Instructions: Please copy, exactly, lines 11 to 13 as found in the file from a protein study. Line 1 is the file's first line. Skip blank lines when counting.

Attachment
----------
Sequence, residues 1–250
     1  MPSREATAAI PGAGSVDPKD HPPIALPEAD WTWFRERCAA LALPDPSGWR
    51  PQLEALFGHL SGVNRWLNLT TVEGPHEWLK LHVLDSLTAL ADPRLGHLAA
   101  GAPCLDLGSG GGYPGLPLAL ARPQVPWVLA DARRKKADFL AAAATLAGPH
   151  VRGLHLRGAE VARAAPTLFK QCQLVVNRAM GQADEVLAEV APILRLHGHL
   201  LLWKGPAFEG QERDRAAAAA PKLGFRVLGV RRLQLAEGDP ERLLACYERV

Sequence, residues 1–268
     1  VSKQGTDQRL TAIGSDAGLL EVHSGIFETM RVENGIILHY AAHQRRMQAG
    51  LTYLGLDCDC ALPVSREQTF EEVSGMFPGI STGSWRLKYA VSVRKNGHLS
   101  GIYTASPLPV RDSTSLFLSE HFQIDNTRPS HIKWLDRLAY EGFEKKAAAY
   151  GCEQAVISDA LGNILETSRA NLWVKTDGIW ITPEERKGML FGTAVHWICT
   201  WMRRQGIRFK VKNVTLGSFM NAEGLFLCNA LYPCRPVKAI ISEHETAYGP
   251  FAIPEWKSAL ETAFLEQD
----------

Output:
   151  GCEQAVISDA LGNILETSRA NLWVKTDGIW ITPEERKGML FGTAVHWICT
   201  WMRRQGIRFK VKNVTLGSFM NAEGLFLCNA LYPCRPVKAI ISEHETAYGP
   251  FAIPEWKSAL ETAFLEQD